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Beyond the Lone Islands

Monday, 10 August 2009

Book Review: The Alchemyst by Michael Scott

The Alchemyst: The Secrets of the Immortal Nicholas Flamel
by Michael Scott (link to Wikipedia article)

Text on the back cover:

He holds the secret that can end the world.

The truth: Nicholas Flamel was born in Paris on September 28, 1330. Nearly 700 years later, he is acknowledged as the greatest Alchemyst of his day. It is said that he discovered the secret of eternal life. The records show that he died in 1418. But his tomb is empty.

The legend: Nicholas Flamel lives. But only because he has been making the elixir of life for centuries. The secret of eternal life is hidden within the book he protects; the Book of Abraham the Mage. It's the most powerful book that has ever existed. In the wrong hands, it will destroy the world.

That's exactly what Dr. John Dee plans to do when he steals it. Humankind won't know what's happening until it's too late. And if the prophecy is right, Sophie and Josh Newman are the only ones with the power to save the world as we know it.

Sometimes legends are true. And Sophie and Josh Newman are about to find themselves in the middle of the greatest legend of all time.

My review:

The reason I picked up this book was because it was suggested reading for September in Jo's Book Nook at the Leaky Lounge (Harry Potter) Forum; even though it is a post-HP book, while all the previous books have been "classics" recommended (in some context or other) by J.K. Rowling.

Having read it, my general impression is – yes, this book is definitely post Harry Potter; and feels to me like rather a bleak attempt to accomplish something similar but different enough to avoid being accused of ripoff.

One similarity is intertwining the modern world with a magic world of surviving alchemists (besides Nicholas Flamel and his wife Perenelle, also John Dee, 16th century alchemist and consultant to Queen Elizabeth I), mythical creatures, and ancient gods and goddesses. In Michael Scott's world, the alchemists and even creatures such as vampires and the Morrigan do not stay hidden in a wizarding world refusing to use modern inventions like electricity; but take full advantage of technology such as cars, jet planes, cell phones, laptop computers and the internet.

The most ancient powers, though – called Elders of the first generation - seem to prefer to enclose themselves in a Shadowrealm that (much like Rowling's Hogwarts) quickly drains the power out of any modern battery.

The basis of Scott's ideas is that before the humans (humani), the earth was inhabited and ruled by an Elder Race. "They were creatures that looked human – sometimes – but had the powers of gods. --- The first primitive humani worshipped the Elder Race as gods and demons --- The gods and goddesses of Greece and Egypt, of Sumeria and the Indus Valley, of the Toltec and the Celt, existed. They weren't different gods, however; they were simply the same Elders called by different names."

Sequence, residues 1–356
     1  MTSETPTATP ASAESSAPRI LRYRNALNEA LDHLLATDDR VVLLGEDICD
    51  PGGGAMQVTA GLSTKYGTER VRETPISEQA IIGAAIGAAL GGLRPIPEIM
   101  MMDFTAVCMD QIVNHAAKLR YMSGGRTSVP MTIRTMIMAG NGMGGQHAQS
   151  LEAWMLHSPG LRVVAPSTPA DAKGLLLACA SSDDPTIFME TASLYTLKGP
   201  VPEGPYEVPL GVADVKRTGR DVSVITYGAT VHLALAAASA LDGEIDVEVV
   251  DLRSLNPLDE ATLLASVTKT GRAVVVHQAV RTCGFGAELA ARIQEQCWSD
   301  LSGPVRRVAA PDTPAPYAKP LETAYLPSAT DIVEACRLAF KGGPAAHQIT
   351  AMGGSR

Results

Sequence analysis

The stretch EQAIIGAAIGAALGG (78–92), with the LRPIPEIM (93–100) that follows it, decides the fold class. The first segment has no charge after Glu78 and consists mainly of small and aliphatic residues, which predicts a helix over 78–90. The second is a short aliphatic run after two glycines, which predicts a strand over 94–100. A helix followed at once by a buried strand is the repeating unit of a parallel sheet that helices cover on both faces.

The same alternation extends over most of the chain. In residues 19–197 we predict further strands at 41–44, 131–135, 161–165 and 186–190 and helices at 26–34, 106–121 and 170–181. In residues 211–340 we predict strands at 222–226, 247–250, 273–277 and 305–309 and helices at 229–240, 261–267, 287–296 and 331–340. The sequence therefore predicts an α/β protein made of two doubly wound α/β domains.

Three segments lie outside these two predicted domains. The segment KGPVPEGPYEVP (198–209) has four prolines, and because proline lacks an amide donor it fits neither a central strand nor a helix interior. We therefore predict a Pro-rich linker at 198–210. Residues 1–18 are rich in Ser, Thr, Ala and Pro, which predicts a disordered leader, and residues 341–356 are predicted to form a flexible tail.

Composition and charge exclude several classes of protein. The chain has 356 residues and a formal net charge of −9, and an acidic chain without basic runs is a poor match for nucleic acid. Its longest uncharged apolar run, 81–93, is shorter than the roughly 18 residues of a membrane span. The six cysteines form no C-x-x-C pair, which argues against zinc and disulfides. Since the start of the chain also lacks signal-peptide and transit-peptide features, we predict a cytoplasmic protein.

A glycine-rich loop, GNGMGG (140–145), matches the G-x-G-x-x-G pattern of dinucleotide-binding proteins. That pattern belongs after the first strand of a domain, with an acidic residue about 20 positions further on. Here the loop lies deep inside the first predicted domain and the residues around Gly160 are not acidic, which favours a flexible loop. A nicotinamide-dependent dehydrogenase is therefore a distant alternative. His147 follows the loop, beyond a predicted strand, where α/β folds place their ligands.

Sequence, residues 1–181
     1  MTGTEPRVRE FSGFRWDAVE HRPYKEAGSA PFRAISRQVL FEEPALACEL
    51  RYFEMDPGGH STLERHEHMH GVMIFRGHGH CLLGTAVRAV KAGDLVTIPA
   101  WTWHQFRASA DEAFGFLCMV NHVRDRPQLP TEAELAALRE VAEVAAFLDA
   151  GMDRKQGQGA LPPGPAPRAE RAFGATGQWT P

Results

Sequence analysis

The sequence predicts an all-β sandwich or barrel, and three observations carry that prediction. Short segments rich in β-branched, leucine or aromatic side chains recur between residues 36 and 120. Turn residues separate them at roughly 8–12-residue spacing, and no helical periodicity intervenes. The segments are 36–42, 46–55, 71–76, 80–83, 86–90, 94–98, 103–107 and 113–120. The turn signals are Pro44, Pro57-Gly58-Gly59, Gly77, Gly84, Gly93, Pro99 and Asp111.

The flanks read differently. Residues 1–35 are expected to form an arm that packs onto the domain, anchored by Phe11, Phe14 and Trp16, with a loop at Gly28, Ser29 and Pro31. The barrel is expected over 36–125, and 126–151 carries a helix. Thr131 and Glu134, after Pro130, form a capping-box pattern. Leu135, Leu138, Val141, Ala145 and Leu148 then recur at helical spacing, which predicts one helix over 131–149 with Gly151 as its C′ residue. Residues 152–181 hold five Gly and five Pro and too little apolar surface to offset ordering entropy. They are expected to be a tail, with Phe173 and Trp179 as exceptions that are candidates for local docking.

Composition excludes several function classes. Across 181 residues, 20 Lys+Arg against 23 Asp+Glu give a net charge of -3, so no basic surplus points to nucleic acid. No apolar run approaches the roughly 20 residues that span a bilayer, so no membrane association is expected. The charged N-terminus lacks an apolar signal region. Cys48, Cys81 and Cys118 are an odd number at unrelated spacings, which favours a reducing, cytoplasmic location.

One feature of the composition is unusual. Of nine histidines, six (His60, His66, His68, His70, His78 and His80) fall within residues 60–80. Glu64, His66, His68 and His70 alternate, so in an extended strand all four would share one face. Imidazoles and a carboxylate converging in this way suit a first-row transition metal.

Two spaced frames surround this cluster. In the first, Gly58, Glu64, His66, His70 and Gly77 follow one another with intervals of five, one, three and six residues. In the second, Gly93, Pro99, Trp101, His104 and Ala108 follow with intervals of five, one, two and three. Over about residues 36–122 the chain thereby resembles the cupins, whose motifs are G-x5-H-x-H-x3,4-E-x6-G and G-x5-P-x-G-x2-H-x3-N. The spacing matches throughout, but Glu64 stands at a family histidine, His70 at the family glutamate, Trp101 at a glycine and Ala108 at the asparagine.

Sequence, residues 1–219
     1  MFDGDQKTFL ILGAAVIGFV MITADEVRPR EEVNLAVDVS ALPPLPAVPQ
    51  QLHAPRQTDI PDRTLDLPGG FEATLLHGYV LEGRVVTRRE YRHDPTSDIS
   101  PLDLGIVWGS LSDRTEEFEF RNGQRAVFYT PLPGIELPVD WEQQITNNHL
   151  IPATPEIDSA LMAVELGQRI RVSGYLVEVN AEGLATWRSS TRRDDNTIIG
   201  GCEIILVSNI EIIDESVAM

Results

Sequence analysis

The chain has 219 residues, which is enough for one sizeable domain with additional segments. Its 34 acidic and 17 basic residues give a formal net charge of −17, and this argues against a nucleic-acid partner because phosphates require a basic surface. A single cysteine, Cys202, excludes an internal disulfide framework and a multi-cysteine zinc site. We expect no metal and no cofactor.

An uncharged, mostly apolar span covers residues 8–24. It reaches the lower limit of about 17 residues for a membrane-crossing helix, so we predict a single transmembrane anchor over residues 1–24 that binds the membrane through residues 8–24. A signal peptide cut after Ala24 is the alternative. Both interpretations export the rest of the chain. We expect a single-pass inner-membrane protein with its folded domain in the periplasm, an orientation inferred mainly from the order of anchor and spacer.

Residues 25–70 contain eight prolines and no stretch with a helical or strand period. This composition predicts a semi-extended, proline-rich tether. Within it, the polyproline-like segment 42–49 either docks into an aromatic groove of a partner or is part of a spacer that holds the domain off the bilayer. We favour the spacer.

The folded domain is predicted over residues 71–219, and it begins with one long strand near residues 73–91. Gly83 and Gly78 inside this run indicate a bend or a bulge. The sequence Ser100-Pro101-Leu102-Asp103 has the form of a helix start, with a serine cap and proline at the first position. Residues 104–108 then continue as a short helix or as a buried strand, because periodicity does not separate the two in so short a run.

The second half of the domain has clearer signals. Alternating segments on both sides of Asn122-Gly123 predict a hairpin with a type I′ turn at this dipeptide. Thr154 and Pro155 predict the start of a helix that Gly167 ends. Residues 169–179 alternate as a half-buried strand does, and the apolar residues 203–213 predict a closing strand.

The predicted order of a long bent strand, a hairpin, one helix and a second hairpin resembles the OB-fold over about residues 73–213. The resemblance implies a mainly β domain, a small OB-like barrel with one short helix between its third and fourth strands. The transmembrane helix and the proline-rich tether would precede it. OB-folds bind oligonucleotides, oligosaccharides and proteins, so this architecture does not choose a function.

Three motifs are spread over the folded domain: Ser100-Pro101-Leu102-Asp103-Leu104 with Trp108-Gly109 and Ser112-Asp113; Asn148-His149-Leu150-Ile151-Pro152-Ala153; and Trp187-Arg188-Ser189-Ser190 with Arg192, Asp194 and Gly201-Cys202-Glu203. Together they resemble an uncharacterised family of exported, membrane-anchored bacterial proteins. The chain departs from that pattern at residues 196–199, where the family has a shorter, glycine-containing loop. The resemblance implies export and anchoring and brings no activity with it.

(This is really pretty much the same idea that Tolkien expresses in his Silmarillion, although Tolkien speaks in terms of Valar and Mayar and Elves etc.)

As introduction to make kids curious about old myths and history, and wanting to look things up on the Internet, I suppose Scott's Alchemyst might work. (I have no kids to try it out on.) Personally, having read the works of fantasy by authors such as Tolkien, Lewis, Rowling and Pratchett, I find Scott's Alchemyst rather boring. There is a lot of action, but no real depth to the characters, and the choice of mythical gods – or, come to think of it, so far only goddesses? – seems random. It disturbs my sense of context to have Hekate (from Greek mythology) living in the tree of Yggdrasill (from Old Norse mythology), fighting against the Morrigan (Celtic crow goddess) and Bastet (Egyptian cat goddess). I find myself getting irritated, rather than curious. If the names had been left out, I might possibly have found it intriguing to figure out the references, but with the names there, they are too obvious (and at the same time, the combinations seem wrong).

One idea I did like in this book was that the awakening of magic is connected to a general heightening of the senses, which is not all pleasant. (Scott is hardly the first author to have emphasized that thought, though. ) And also the thought that change, once begun, cannot be reversed. But – that's about it… I also find it a bit overexplicit, really, to have the teenage girl going through the "awakening" before her male twin...

Whether I'll read the rest of the series seems doubtful at the moment, but remains to be seen!
PS. Oh - I forgot: I did -indirectly- learn something from this book I didn't know before. Terry Pratchett didn't invent Golems... It never occurred to me to look them up before, but I did now, when they appeared in Scott's book as well. Seems they belong to Jewish legend. And there is a connection to alchemy as well.

1 comment:

rae said...

Great review! I've wondered about this book, and it's nice to get a synopsis written by someone with similar literary tastes to my own. Thanks!


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